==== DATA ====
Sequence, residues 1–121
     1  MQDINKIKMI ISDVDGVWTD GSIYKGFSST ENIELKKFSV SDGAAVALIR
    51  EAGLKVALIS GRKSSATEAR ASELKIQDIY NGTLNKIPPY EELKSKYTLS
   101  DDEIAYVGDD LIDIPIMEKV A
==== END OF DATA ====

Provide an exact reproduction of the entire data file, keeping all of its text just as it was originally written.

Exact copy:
Sequence, residues 1–121
     1  MQDINKIKMI ISDVDGVWTD GSIYKGFSST ENIELKKFSV SDGAAVALIR
    51  EAGLKVALIS GRKSSATEAR ASELKIQDIY NGTLNKIPPY EELKSKYTLS
   101  DDEIAYVGDD LIDIPIMEKV A